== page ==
Strange Sinema 102: Experiments in Electronic Arts - Fri. July 29th - 8PM

Oddball Films presents Strange Sinema 102, a monthly evening of newly discovered, old finds and rarities from the stacks of the archive. Drawing on his collection of over 50,000 16mm film prints, Oddball Films director Stephen Parr has compiled his 102nd program of classic, strange, offbeat and unusual films. This installment, Strange Sinema 102: Experiments in Electronic Arts is a heady, techno-cultural look at the art, sound and early electronic art forms that jump-started the 60s and transformed the way we create and experience art and technology. Films feature documentaries that survey tech art and music innovators as well as experimental and avant garde shorts showcasing early analog and computer assisted animation and graphics.  Art For Tomorrow (1969) is an eye-popping exploration of experimental tech-oriented art incorporating early IBM computers, cybernetics, heart beat triggers, invisible art by magnetism featuring famed artists such as Yaacov Agam, Wen-Ying Tsai, John Mott-Smith, Jean Tinguely and Victor Vasarely’s early experiments with IBM computers. Get in a moogy kind of mood with Discovering Electronic Music (1983) an introduction to the synthesizers and computers used to create electronic music, including the legendary Fairlight CMI, one of the first sampling synthesizers used in music production. Bell Laboratories brings us Incredible Machine (1968) which previews the latest developments in computer-assisted imagery, electronic music, and voice processing. Catalog (1961) features computer graphics pioneer and cinema innovator John Whitney’s kaleidoscopic demo reel made with equipment salvaged from WWII. Ken Rudolph takes us through the history of Art in eight pulsing minutes in Gallery (1969) with electronic music sound score by Clockwork Orange composer Wendy Carlos. We follow that up with the astonishing Peter Foldes' Hunger (1974), one of the first computer-generated animated shorts and a metamorphic nightmare of greed, gluttony and lust. Languid rhythms of fades, dissolves and superimpositions permeate 7362 (1967) a masterful avant-garde film by the auteur of the optical printer (and sometime Star Wars special effects wiz) Pat O’Neill. Experiments in Motion Graphics (1968) once again features early computer motion graphics by John Whitney and a discussion of the computers prospect as an art making tool. Plus! The Critic (1963), an animated Oscar winner from the great Ernie Pintoff with comedy legend Mel Brooks relentlessly ragging on the experimental animation he's shown to hilarious effect.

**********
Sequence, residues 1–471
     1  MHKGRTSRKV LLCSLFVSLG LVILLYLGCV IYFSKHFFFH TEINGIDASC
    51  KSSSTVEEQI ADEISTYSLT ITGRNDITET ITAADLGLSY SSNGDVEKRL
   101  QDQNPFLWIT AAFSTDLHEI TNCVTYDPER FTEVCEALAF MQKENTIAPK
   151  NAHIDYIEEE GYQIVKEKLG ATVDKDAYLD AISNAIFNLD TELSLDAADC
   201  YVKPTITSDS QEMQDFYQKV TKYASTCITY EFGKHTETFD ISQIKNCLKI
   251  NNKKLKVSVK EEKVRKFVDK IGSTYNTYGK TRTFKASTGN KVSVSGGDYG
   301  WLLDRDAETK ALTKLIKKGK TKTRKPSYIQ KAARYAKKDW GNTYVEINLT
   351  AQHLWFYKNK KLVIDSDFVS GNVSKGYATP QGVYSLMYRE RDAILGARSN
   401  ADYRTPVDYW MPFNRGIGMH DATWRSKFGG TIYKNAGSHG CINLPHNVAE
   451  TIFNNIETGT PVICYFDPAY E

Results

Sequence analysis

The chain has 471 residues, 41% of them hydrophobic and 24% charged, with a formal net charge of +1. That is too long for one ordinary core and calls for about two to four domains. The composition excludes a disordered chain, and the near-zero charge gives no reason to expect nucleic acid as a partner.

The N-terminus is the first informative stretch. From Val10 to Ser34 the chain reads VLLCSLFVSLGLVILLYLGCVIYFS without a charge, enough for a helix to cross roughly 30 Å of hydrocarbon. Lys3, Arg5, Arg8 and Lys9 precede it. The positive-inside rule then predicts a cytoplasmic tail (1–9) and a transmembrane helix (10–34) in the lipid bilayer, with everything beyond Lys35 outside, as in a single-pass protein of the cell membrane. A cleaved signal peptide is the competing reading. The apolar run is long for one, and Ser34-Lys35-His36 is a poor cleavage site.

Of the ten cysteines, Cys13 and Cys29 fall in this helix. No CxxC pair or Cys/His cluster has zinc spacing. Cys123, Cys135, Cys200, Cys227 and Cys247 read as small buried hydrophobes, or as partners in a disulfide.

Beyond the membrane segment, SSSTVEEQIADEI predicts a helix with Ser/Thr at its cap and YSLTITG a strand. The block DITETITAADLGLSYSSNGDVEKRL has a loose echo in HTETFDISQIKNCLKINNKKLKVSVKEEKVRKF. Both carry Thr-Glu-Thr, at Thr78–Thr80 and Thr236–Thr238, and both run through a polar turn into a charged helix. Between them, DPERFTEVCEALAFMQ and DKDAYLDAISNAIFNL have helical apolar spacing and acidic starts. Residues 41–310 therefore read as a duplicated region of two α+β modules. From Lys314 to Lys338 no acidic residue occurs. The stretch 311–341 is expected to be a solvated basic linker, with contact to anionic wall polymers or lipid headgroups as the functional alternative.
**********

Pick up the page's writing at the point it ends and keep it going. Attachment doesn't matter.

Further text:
Date: Friday, July 29th, 2016 at 8:00pm
Venue: Oddball Films, 275 Capp Street San Francisco
Admission: $10.00 Limited Seating RSVP to or (415) 558-8117


Art for Tomorrow (Color, 1969)
“The artist is beginning to react to the impact of science and technology and beginning to come to terms with it. The artist better be rather careful or he will be losing his job and the engineer will become the artist of the future.”